What is CMA??
When infants and children are fed cow’s milk proteins this can trigger allergic reactions. By avoiding cow’s milk proteins completely, the symptoms caused by this reaction can also be eliminated.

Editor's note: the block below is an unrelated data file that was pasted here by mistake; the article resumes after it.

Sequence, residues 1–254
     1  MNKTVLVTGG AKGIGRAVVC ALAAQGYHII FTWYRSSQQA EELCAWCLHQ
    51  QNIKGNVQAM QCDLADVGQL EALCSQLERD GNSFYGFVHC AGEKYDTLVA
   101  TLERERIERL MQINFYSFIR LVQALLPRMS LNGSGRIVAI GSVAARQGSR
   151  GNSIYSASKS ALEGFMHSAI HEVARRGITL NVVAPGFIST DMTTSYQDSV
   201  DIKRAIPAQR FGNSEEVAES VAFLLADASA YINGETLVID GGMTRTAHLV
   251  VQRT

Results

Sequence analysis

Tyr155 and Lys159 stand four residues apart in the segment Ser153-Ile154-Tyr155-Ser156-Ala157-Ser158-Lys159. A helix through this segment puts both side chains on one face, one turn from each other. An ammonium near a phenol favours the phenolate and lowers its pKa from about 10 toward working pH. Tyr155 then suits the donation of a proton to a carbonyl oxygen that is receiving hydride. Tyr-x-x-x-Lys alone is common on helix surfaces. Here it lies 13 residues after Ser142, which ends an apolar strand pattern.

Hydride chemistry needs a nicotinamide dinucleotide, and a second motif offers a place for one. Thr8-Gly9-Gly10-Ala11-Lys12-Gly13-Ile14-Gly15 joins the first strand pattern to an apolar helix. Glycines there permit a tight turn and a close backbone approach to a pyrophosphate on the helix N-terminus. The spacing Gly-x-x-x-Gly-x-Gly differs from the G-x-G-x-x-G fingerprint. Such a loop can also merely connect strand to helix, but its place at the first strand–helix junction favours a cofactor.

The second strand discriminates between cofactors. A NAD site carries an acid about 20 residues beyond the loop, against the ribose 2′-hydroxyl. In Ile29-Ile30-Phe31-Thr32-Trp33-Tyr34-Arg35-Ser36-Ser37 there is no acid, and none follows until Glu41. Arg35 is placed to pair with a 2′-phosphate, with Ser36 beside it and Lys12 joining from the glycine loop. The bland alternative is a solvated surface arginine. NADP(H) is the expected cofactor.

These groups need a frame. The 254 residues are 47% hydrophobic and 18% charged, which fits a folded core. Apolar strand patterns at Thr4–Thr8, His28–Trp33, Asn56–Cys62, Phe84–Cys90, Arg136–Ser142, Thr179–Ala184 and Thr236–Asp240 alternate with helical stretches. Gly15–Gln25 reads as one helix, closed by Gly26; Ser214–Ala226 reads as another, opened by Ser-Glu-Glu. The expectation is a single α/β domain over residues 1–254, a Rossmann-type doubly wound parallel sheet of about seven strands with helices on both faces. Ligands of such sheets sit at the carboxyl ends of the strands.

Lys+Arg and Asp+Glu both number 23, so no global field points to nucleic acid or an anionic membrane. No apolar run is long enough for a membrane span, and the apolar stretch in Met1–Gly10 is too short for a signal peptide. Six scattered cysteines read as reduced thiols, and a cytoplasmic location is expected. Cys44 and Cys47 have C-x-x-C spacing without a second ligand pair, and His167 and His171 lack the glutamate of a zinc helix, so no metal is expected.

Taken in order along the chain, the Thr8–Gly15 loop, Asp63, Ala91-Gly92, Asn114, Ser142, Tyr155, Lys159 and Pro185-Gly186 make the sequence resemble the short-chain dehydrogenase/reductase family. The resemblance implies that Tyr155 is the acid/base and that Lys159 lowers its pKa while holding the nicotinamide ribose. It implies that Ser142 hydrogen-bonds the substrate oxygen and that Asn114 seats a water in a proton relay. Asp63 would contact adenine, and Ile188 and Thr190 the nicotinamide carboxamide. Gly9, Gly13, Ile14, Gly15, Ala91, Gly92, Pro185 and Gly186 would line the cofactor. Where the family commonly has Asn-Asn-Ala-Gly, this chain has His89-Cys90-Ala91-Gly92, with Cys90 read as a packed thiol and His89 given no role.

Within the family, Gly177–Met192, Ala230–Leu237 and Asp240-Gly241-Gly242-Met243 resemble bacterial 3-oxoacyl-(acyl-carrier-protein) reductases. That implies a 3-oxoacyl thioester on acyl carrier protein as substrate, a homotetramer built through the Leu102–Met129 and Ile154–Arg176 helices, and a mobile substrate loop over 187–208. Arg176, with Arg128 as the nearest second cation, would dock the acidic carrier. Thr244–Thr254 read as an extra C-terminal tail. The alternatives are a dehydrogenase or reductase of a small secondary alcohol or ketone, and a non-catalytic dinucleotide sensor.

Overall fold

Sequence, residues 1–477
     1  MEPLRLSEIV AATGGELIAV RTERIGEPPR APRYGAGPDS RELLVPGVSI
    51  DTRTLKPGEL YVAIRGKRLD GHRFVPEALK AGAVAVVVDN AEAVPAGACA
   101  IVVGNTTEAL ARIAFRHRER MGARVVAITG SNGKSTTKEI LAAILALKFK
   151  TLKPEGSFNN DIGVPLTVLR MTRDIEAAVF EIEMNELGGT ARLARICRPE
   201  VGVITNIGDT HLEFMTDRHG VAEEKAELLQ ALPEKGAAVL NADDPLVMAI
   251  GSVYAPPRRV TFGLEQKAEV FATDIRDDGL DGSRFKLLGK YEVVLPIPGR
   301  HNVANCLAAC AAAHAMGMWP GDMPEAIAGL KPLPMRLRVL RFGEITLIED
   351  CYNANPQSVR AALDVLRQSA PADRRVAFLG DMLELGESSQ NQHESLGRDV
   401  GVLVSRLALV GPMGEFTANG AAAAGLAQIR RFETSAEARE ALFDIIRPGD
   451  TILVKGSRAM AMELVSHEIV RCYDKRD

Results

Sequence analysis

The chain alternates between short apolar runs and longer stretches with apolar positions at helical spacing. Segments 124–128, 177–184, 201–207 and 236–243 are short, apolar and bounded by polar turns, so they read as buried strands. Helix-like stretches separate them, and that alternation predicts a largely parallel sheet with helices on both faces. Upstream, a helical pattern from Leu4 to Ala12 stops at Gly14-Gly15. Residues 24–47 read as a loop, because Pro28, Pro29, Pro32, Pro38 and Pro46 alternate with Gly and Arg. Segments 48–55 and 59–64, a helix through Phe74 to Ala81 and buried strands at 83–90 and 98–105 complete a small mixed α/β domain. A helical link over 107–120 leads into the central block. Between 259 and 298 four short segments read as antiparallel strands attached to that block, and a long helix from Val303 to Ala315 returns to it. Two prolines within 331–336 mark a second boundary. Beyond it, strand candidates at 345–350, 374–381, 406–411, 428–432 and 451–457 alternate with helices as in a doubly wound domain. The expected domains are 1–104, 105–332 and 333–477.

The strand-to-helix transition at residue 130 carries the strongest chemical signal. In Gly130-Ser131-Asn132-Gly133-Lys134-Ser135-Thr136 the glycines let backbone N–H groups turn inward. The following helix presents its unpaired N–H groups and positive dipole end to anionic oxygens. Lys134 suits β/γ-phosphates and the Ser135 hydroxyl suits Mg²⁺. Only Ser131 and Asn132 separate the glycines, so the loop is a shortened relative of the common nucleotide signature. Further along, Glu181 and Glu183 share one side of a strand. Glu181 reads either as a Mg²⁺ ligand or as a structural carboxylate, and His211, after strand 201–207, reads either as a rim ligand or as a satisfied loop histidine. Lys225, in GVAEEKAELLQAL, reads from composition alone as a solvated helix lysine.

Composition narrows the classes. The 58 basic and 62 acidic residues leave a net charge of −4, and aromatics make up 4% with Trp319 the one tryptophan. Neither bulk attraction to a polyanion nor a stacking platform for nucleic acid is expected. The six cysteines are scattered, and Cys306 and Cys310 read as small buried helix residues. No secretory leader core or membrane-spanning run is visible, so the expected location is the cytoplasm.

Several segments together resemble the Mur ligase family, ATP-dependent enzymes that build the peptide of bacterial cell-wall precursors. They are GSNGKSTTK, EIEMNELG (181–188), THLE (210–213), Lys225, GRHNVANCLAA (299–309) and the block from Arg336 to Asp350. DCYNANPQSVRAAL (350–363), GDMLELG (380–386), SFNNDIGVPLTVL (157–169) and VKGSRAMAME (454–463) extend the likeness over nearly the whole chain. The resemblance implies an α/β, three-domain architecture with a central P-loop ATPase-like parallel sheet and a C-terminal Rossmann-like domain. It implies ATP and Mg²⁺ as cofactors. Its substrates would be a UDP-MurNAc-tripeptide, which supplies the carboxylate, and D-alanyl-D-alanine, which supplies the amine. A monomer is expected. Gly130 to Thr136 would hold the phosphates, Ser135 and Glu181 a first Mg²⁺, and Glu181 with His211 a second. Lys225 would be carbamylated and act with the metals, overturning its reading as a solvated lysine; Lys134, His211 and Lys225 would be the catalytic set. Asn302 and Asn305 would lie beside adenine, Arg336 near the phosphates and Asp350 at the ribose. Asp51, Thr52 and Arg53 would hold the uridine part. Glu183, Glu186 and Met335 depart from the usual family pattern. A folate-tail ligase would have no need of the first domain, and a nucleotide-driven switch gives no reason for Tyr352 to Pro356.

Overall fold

Cow’s milk allergy (CMA) is the most common food allergy in infants and young children – about 2 % to 5 % of all children suffer from this condition. CMA generally affects children of under the age of 2 to 3 years.It is an overreaction of the immune system to one or more proteins contained in cow’s milk. The symptoms caused by CMA are varied and may affect several organ systems, e.g. the skin, the digestive or the respiratory tract, possibly resulting in skin rash, eczema, vomiting, diarrhoea, colic, wheezing or excessive crying. The allergic reactions can set in very rapidly (e.g. severe breathing problems, vomiting), but they can also be delayed or require a larger portion of food (e.g. a glass of milk) to set them off. An example of a delayed reaction would be a skin rash or diarrhoea which can take up to 3-5 days to appear. Infants/ children with Cow’s milk protein allergy requires adequate dietary support to be determined with the advice of a health care professional.